When Chopin is at his happiest, most outwardly serene, then, for the pianist, he is at his most treacherous. The Fourth Scherzo is the only one in a major key and its mercurial brilliance and whimsy are notoriously hard to control. Significantly, this Scherzo was Saint-Saëns’s favourite (it is, after all, the most urbane, Gallic and sparkling of the set) and both he and Pierné later used its potential to dazzling and mischievous effect in their G minor and C minor piano concertos. A later mix of duple and triple time evokes the A flat Waltz, opus 42, and a gentler, less animated syncopation characterizes the central più lento, a pensive and rhapsodic interlude after so much scintillating light and shade. The coda confirms the Scherzo’s overall high spirits and the final ‘flutter of silvery scale’ is a far cry from the grimly determined conclusion to the earlier Scherzos.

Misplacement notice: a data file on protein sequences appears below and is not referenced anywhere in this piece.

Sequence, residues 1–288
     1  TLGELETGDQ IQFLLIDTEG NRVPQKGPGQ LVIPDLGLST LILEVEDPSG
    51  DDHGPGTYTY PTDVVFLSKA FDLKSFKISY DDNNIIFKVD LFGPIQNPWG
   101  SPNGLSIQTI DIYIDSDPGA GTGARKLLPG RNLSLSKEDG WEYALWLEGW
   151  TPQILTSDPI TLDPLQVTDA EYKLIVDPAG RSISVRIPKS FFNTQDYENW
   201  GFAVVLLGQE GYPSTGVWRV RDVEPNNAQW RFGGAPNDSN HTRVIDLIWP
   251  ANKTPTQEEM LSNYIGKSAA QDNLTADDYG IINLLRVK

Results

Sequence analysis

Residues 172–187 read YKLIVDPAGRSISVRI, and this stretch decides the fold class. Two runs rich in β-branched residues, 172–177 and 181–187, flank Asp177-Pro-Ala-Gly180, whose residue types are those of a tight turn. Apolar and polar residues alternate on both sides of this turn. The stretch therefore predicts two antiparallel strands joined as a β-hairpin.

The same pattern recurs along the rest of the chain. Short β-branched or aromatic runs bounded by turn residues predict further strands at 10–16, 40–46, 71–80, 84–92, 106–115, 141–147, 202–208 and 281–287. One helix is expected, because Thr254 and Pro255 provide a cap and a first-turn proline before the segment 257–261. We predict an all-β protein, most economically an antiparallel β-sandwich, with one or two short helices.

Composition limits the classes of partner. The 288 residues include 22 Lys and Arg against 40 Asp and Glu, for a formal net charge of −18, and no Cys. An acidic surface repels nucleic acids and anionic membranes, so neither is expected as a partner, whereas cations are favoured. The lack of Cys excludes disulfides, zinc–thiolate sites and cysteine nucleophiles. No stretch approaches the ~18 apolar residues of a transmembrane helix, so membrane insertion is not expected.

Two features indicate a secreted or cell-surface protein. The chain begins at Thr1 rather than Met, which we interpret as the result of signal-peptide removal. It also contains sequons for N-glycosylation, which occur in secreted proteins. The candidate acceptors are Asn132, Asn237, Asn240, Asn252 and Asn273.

from notes by Bryce Morrison © 2004